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​Anxiety, Stress and Suffering

​Redundant is what is in excess; essential is that which is non discretionary. There is no sharp line between essential and redundant, and there are always many things in between that, depending upon who is judging, alternate between inadequate, neutral, or desirable. So it is with human behavior: Between the essential self, that guides our lives on the right path, and the redundant ego, which can take control of our behavior without us even noticing, there are tons of routines and data in a 'working memory', a notion that I have omitted to mention in my notes, aiming at conceptual simplicity.

My omission proved inappropriate. Dr. Luis H. Ripoll, a New York psychiatrist and Professor of Mount Sinai Medical Center, expressed his disagreement with this simplification in a detailed review of one of my recent columns. "I believe it is both impossible to rid oneself of this so-called 'redundant' ego and to live purely from one's 'essential' self", writes Dr. Ripoll. His review makes necessary the reference to the 'neutral' working memory that, in the terminology of the subject, I was originally reluctant to use. (Click here --> to see Dr. Ripoll's review​. Please go to the bottom of the linked page.)

This working memory contains all the instructions and data for everyday life that, though useful, are neither essential nor superfluous. Let us clarify this matter a bit with our use of language. The ability to speak and communicate is a crucial function of the essential self; the bad habit of telling lies that some people develop is part of the redundant ego; the languages we speak are in the working memory. The list of what is in this working memory includes general or specific skills, the records of everything we know, our personal history... and a myriad of data and procedures.

The essential self for someone who grows up with her parents would be similar to the one that would act in the same person if they had given her up for adoption when newborn. The working memory and the redundant ego, on the other hand, would contain completely different data, depending on the course that took the life of that person.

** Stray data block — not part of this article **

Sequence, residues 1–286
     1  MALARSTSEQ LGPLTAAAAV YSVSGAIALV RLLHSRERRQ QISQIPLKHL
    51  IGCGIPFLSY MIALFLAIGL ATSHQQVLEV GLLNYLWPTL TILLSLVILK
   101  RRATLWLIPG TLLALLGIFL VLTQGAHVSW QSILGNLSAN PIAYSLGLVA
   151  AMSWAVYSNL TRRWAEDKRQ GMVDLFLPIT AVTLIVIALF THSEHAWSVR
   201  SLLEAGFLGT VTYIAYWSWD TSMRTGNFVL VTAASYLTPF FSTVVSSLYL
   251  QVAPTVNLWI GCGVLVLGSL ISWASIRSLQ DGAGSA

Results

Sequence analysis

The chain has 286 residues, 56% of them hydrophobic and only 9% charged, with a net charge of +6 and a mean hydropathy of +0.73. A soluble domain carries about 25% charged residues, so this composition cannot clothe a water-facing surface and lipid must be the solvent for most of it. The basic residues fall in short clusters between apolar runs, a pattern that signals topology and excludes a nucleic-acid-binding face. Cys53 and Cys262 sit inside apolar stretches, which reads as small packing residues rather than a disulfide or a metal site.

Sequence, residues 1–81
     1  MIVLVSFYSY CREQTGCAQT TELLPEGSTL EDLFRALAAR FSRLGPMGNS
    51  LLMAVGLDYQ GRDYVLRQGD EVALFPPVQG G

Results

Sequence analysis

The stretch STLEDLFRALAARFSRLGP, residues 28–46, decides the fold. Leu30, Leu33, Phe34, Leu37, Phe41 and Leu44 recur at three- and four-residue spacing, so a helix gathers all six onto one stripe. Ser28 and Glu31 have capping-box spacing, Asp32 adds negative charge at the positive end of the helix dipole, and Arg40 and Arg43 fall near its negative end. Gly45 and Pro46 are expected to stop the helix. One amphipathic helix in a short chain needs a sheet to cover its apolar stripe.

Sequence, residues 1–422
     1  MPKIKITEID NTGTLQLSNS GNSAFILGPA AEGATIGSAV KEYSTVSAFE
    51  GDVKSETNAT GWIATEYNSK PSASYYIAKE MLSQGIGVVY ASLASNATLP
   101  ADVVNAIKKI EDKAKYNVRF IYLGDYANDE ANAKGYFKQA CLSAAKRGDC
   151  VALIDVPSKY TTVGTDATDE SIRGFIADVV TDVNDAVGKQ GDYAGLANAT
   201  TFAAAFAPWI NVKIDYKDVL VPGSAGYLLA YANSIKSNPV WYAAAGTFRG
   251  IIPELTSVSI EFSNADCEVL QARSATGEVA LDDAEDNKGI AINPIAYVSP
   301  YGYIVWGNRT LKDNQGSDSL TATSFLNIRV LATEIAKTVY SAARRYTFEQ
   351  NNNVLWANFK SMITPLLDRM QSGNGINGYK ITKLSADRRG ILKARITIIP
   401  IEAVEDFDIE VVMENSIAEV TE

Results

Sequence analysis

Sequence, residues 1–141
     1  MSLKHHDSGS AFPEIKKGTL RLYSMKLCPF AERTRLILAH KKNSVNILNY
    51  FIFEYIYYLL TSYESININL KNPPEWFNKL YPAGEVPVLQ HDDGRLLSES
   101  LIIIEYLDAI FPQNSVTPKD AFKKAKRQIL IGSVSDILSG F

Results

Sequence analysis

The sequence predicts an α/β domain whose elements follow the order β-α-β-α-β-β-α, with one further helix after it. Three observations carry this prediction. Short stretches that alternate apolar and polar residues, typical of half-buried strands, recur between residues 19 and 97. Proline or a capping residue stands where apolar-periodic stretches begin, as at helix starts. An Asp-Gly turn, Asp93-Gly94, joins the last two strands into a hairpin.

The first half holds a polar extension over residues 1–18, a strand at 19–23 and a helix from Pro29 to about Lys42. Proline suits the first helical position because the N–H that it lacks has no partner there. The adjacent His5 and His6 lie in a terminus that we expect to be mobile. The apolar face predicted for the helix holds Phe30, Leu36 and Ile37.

​The Buddha denominates mental formations to the conditionings, routines and data we acquire either on purpose or involuntarily. Mental formations can be harmful or wholesome; the harmful mental formations - cravings, aversions and biased views - are the conditionings that make up our redundant ego and we must eliminate. Wholesome mental formations, such as healthy food preferences and favorable habits, which we must preserve, are part of the working memory.

Doctor Ripoll also says rightly that “the ego is not equivalent to the self". The ‘ego’ most often relates to the opinion someone has of him or herself while ‘self’ is the character that makes a person different from other people. The word 'ego' has a connotation of size (as in 'he has enough ego for doing that) and that is why the redundant ego has variable magnitude. The elimination of this redundant ego allows the essential self to take over the direction of our life.

Other thinkers, with no connection with Buddhism, have expressed ideas that suggest the existence in each person of an essential self and a ‘corrupted’ redundant ego, without any reference to such expressions. According to the best known quote by French-Swiss philosopher Jean Jacques Rousseau, "We are good by nature but corrupted by society." In another dissertation the same author writes: "Man is born free, and everywhere he is in chains... He was good by nature

​, but he is damaged by the pernicious influence of society and human institutions." The natural goodness of man may be assimilated to his essential self; the corruption that society adds on him is equivalent to the redundant ego.

​Rousseau is quite pessimistic. At the beginning of his well-known 'Emile, or On Education', notes the philosopher that "Everything degenerates in the hands of man." The Buddha, in contrast, is more optimistic and in the third truth of Buddhism he declares: "With the extinction of cravings, aversions and biased views, that is, with the extinction of the redundant ego, suffering ceases." The Buddha's suffering, in the contemporary world, is best known as anxiety and stress, glitches these that we all want removed from our lives.

Gustavo Estrada
Author of ‘Inner Harmony through Mindfulness Meditation

Atlanta, August 3, 2015

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